One of my friends just weaned her one year old, another just weaned her three year old. Both of them are amazing moms and neither one made a wrong choice. Each one made the best choice for her and her child. Each one should be confident in her parenting decisions, for they are both doing their BEST. I have doubts in my parenting abilities, just like we all do. Sometimes I even cry about it (just ask my husband about the other night when we all went to bed after 10pm and I was momentarily convinced I was destroying my children’s development by having irregular bedtimes and so we all three sat in bed and cried while the poor man tried to calm us all down). For us, naps and bedtimes differ because my husband and I both work and we made the choice to have flexible scheduling so we can spend more time with our kids. But, my children do nap, and they do sleep. Sometimes we go to bed earlier and they wake up at 8. Sometimes I work late and they wake up the next day at 10:00. They even sleep with us and our crew of cats and yes we are all still alive and well. And for the most part, I try to practice what I preach and own my parenting choices in confidence, but it can be SO difficult when we are inundated with not only everyone else’s opinions but we also have a zillion articles pelting us via social media every day on how we should parent and why we should do things a certain way. I mean, hanging out with other mamas can straight up give me flashbacks to watching Mean Girls with Lindsey Lohan. (That scene in the school where everyone acts like a jungle animal? Yeah, just replace the school with the park playground).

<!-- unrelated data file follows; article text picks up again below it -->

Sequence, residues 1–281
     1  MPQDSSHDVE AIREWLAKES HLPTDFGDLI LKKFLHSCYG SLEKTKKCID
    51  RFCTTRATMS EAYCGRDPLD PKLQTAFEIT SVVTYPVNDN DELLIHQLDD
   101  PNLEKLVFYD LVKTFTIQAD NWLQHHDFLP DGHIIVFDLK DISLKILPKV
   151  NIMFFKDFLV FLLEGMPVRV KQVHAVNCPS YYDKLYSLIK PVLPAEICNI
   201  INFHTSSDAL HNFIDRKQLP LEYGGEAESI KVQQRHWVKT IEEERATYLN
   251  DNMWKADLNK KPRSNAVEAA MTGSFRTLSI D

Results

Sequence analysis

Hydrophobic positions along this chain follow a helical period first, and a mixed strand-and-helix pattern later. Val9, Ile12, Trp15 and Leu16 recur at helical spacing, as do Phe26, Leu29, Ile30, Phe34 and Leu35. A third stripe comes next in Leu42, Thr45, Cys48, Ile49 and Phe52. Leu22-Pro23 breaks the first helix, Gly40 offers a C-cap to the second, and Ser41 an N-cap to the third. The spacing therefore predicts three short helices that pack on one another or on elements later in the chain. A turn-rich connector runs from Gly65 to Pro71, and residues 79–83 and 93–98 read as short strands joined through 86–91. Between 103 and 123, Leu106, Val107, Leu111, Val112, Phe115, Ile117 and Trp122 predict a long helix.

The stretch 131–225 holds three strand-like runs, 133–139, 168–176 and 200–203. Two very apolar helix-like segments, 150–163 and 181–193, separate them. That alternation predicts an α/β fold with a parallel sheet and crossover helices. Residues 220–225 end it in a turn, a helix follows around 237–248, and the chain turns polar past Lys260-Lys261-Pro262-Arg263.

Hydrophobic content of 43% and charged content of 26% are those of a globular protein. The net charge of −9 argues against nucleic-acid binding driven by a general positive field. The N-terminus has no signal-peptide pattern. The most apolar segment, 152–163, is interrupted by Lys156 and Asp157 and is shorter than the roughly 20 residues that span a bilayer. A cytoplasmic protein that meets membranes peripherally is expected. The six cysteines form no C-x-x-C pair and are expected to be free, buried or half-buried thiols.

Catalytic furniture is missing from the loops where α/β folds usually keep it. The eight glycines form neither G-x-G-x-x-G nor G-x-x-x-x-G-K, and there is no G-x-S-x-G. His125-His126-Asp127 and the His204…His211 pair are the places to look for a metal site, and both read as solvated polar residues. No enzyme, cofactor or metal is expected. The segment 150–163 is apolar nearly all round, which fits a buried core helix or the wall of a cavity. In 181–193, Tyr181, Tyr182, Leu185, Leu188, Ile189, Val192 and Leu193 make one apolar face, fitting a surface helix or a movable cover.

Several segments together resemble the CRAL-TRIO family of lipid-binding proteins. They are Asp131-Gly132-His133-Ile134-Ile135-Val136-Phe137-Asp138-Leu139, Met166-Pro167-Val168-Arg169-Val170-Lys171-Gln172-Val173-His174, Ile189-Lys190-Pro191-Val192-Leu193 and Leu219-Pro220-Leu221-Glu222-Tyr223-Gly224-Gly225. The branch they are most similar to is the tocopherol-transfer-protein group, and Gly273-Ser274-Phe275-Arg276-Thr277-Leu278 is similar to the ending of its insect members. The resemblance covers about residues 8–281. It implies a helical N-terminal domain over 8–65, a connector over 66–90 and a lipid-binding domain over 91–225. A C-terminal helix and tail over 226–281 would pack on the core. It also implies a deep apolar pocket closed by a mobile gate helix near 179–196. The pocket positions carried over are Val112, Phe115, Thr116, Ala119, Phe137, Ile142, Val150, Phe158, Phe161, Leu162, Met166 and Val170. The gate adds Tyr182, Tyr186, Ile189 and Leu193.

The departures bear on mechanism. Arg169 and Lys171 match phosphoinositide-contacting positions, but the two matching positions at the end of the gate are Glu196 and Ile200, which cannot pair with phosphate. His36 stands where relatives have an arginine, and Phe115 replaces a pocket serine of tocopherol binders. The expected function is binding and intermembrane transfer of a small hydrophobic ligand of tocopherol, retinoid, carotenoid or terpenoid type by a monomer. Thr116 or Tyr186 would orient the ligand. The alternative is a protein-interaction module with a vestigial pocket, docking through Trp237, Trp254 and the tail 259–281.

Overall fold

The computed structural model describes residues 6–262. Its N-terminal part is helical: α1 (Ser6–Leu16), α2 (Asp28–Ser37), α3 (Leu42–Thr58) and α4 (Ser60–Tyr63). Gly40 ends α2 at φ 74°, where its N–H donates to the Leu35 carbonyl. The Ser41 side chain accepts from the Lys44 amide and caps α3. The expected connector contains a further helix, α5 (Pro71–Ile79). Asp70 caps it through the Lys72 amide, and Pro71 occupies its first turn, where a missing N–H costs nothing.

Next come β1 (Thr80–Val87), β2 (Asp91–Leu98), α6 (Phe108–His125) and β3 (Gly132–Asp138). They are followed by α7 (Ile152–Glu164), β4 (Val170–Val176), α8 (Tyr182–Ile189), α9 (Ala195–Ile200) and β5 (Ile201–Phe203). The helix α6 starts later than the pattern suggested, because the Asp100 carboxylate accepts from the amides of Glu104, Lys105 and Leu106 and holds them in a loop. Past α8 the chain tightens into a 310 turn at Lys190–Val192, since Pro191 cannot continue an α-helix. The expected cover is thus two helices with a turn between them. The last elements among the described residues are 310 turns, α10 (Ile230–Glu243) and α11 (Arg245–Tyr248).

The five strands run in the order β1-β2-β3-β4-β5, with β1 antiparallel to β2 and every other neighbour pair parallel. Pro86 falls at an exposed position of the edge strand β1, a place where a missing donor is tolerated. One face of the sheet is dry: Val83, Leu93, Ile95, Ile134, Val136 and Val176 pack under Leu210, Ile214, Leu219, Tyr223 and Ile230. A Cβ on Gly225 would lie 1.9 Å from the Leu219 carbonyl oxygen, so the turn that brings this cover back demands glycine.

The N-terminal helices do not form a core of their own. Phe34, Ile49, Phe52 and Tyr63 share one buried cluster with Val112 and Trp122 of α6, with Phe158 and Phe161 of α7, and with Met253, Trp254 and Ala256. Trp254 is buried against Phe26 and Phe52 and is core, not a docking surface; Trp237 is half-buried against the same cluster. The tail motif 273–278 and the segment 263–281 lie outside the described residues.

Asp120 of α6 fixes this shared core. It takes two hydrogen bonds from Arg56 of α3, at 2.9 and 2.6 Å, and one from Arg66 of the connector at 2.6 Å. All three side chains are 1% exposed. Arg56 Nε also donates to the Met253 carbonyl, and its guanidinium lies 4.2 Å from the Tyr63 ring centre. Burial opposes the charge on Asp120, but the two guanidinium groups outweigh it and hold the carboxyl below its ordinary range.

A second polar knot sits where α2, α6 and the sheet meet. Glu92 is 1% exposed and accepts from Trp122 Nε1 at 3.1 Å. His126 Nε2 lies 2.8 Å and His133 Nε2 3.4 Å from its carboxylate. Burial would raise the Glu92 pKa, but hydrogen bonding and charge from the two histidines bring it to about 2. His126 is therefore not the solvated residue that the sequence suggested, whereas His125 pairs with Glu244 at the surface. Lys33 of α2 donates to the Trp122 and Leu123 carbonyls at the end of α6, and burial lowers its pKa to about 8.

Why don’t we respect each other’s choices? (parenting and other wise). Why do we feel it is our own personal mission to ‘correct’ one another? I may not agree with you, and I’m not only more than willing to have a civil and respectful conversation about it, but also equally willing to admit that perhaps neither of us is wrong. Maybe we are both right. Maybe I don’t understand why you do what you do, and for that matter you may not understand why I do what I do, but I am going to leave it to the Big Man Upstairs to work that out. Let’s toast to our differences and leave it at that. I have many friends, (both mom friends and non mom friends) who I know have different opinions than I do. However, I am not going to let that effect my opinion of them or my love for them.